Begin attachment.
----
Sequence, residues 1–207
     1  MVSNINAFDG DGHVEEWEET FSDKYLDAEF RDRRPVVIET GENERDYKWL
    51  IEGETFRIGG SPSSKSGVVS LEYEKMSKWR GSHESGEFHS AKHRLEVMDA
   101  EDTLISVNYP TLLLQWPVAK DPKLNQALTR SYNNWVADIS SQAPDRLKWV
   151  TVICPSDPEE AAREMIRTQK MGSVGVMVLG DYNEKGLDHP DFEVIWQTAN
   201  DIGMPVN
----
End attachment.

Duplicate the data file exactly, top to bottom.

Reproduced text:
Sequence, residues 1–207
     1  MVSNINAFDG DGHVEEWEET FSDKYLDAEF RDRRPVVIET GENERDYKWL
    51  IEGETFRIGG SPSSKSGVVS LEYEKMSKWR GSHESGEFHS AKHRLEVMDA
   101  EDTLISVNYP TLLLQWPVAK DPKLNQALTR SYNNWVADIS SQAPDRLKWV
   151  TVICPSDPEE AAREMIRTQK MGSVGVMVLG DYNEKGLDHP DFEVIWQTAN
   201  DIGMPVN